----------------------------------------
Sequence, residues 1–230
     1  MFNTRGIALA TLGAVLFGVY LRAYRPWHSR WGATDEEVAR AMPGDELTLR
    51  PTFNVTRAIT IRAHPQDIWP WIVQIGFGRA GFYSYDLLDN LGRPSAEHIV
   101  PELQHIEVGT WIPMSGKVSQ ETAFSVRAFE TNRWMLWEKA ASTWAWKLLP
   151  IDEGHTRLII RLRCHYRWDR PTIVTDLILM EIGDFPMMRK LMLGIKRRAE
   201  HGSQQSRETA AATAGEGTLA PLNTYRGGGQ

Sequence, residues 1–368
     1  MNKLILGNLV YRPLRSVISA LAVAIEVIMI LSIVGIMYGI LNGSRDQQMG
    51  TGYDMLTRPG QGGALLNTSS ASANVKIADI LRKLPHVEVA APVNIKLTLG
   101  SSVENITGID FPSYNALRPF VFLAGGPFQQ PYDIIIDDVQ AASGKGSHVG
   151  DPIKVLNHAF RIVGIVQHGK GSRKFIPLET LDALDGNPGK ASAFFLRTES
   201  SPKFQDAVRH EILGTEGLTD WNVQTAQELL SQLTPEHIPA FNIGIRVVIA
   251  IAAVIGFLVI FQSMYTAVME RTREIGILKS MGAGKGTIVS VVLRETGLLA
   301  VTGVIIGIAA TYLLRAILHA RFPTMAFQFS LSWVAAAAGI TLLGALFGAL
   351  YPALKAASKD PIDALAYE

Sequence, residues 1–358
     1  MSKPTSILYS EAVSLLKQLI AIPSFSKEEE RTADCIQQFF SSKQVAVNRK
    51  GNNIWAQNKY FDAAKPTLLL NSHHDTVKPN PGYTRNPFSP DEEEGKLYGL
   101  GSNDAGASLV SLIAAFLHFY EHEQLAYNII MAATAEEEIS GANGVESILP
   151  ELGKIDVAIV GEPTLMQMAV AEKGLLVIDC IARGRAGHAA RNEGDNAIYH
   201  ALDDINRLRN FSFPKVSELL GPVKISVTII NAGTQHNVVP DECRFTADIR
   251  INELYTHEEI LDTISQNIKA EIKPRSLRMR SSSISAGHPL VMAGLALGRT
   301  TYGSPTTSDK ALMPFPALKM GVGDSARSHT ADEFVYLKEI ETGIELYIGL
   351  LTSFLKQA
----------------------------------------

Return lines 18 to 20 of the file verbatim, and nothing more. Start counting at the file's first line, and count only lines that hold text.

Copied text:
    51  GNNIWAQNKY FDAAKPTLLL NSHHDTVKPN PGYTRNPFSP DEEEGKLYGL
   101  GSNDAGASLV SLIAAFLHFY EHEQLAYNII MAATAEEEIS GANGVESILP
   151  ELGKIDVAIV GEPTLMQMAV AEKGLLVIDC IARGRAGHAA RNEGDNAIYH